Daniel 7 – This chapter starts with a retelling of the vision told of in chapter 2 but is connected with king Belshazzar (the grandson of Nebuchadnezzar).
In the dream, he sees the four winds of heaven stirring up the “great sea” and four beasts emerge from the sea – the first like a lion with eagle’s wings. His wings are torn off and he is lifted from the ground and set standing on feet like a man, given a human heart [mind in the NLT translation]. The second was like a bear with three ribs in his mouth. He is ordered to stand and eat flesh. The third was like a leopard with four wings, four heads and a lot of power. And the fourth was terrifying with iron teeth and ten horns; “it ate, crushed and trampled underfoot what remained” (7:7). As he looks at the vision, he sees another horn sprout up, pushing three other larger ones out of place. This last horn had eyes and “a mouth that was full of boasts” (7:8).
“I watched as thrones were put in place and the Ancient One sat down to judge. His clothing was as white as snow, his hair like purest wool. He sat on a fiery throne with wheels of blazing fire, and a river of fire was pouring out, flowing from his presence. Millions of angels ministered to him; many millions stood to attend him. Then the court began its session, and the books were opened” (7:9-10).
One of the beasts is killed and thrown in the flames. The other ones are stripped of any power but get another bit of time to live. Then “I gazed into the visions of the night, and I saw, coming on the clouds of heaven, one like a son of man. He came to the one of great age and was led into his presence. On him was conferred sovereignty, glory and kingship, and men of all people, nations and languages became his servants” (7:13-14).
My Jerusalem Bible notes that there is a good deal of confusing Aramaic words here. Daniel is alarmed by these visions. Someone unveils the meaning of these things to him. The beasts are four kingdoms that will arise from the earth (7:17), “But in the end, the holy people of the Most High will be given the kingdom, and they will rule forever and ever” (7:18).
He inquires about the fourth beast and is so different from the rest, “very terrifying, with iron teeth and bronze claws, eating, crushing and trampling underfoot what remained; and the truth about the ten horns on its head—and why the other horn sprouted and the three original horns fell, and why this horn had eyes and a mouth that was full of boasts, and why it made a greater show than the other horns”(7:19-20).
It is a kingdom different from the others. “It will devour the whole earth, trample it underfoot and crush it” (7:23). From this kingdom, ten kings will arise (the horns) and yet another king will bring them down and speak words against God. Eventually he will lose power and the saints will gain sovereignty forever (7:27-28).
Daniel 8 – Daniel has another vision in the third year of Belshazzar. He is in Susa, one of the royal residences of the Persian dynasty of Cyrus. A ram with two horns – one of which is larger than the other. This is meant to be a vision of the Persian Empire having dominated the Medes. Then a “he-goat from the West” (8:5), Alexander the Great, challenges them.
“At the height of his power, the great horn snapped and in its place sprouted four majestic horns, pointing to the four winds of heaven (8:8). This is a reference to the division of Alexander’s Hellenistic empire.
“From one of these, the small one, sprang a horn which grew to great size towards south and east and towards the Land of Splendor. It grew right up to the armies of heaven and flung armies and stars to the ground, and trampled them underfoot. It even challenged the power of that army’s Prince; it abolished the perpetual sacrifice and overthrew the foundation of his sanctuary, and the army too; it put iniquity on the sacrifice and flung truth to the ground; the horn was active and successful” (8:9-12). –I’m thinking this must be the Seleucid Empire, which eventually brought idols into the Temple and undermined the loyalty of many to the tradition. He hears a dialogue between two “people/beings” concerning how long the sanctuary will be “trampled underfoot” (8:13), and the reply is that it will go on for 2,300 evenings and mornings have passed; then “the sanctuary shall have its right restored” (8:14).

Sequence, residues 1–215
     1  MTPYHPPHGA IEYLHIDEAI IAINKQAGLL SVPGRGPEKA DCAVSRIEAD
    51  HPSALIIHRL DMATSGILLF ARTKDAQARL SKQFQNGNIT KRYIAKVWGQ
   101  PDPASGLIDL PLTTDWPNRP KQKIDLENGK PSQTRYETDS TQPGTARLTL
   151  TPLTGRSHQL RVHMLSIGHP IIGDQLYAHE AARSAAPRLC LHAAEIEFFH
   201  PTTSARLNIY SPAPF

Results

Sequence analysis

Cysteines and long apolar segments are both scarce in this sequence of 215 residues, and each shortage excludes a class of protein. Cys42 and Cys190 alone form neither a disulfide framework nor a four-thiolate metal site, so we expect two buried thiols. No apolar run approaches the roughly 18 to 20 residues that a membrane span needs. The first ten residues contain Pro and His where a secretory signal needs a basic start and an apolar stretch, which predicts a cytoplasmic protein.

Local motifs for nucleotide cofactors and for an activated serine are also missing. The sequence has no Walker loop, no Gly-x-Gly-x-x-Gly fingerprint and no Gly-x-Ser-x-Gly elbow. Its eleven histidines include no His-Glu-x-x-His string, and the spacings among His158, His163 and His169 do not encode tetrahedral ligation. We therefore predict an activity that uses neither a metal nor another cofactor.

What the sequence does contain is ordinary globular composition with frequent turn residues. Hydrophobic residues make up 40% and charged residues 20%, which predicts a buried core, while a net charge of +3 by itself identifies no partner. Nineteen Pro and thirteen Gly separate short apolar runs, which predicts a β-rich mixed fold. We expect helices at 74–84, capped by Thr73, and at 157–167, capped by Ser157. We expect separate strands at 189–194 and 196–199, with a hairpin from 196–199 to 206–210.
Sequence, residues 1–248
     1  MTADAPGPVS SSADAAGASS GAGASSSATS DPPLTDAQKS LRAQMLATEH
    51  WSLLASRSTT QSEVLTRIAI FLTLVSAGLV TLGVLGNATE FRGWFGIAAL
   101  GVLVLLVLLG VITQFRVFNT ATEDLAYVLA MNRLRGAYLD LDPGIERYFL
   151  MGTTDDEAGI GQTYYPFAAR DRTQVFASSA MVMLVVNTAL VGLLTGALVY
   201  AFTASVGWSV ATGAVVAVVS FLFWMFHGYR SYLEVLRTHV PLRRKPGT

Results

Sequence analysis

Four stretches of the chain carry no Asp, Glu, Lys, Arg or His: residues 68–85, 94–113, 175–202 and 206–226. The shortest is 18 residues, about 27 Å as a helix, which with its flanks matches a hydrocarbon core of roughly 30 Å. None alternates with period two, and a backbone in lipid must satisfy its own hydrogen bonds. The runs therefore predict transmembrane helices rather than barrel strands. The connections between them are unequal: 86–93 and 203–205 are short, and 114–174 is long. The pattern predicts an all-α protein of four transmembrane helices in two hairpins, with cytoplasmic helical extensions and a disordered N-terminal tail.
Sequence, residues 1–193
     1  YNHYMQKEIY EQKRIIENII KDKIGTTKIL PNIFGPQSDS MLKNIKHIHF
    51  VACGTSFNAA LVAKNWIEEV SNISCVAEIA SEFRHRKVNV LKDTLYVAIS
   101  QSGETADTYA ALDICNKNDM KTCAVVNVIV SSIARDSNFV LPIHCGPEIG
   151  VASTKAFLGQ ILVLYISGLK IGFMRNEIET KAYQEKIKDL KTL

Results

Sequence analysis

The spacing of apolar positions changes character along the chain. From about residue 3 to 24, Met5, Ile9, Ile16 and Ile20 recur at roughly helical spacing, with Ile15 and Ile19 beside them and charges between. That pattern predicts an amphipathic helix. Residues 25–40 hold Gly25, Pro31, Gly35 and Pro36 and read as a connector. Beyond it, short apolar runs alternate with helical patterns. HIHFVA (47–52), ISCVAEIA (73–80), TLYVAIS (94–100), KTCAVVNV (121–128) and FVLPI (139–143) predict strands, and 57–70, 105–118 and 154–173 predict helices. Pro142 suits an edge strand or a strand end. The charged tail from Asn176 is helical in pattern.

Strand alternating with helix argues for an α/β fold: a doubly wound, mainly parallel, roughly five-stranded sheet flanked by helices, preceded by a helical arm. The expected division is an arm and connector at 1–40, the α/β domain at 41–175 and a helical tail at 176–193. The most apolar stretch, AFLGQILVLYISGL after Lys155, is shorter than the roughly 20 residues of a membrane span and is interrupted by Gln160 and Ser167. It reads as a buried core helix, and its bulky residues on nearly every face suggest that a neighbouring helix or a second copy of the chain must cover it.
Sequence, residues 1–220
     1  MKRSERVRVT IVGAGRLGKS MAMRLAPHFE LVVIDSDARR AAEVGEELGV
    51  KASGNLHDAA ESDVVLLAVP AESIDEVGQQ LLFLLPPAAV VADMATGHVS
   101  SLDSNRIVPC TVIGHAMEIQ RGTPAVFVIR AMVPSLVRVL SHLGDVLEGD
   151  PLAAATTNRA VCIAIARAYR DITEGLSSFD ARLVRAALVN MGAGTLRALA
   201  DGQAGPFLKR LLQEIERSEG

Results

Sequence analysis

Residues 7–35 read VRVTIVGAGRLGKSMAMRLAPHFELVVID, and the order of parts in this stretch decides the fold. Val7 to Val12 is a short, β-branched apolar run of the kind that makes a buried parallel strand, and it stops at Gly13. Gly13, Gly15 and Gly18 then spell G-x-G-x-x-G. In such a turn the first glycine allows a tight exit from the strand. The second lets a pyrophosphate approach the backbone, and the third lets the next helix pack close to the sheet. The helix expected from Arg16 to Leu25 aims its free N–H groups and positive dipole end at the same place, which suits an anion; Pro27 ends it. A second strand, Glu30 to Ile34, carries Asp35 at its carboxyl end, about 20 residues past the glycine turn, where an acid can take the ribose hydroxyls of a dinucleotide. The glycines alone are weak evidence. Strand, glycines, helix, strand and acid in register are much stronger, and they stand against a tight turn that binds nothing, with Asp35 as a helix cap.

Daniel says that as he “gazed at the vision and tried to understand it” he saw “someone standing before me who looked like a man” (8:15) and he heard the “man” cry out for Gabriel [the angel] to tell him the meaning of the vision. Gabriel “approached the place where I was standing; as he approached I was seized with terror, and fell prostrate. ‘Son of man,’ he said to me, ‘understand this: the vision shows the time of the End.’ He was still speaking, when I fell senseless to the ground” (8:15-18).
He touches the prophet and raises him to his feet. He tells him the meaning of the vision, parts of which elude me: “What you have seen pertains to the very end of time. The two-horned ram represents the kings of Media and Persia. The shaggy male goat represents the king of Greece, and the large horn between his eyes represents the first king of the Greek Empire. The four prominent horns that replaced the one large horn show that the Greek Empire will break into four kingdoms, but none as great as the first” (8:20-22). This seems a repeat of the rise and fall of the Hellenistic Empire. When that is done, “a fierce king, a master of intrigue, will rise to power. He will become very strong, but not by his own power. He will cause a shocking amount of destruction and succeed in everything he does” (8:23-24). He will destroy many powerful leaders and leave “the holy people” devastated. He will become full of himself and then will “take on the Prince of princes in battle, but he will be broken, though not by human power” (8:25). Daniel is asked to keep this knowledge to himself. He was “greatly troubled by the vision and could not understand it” (8:27).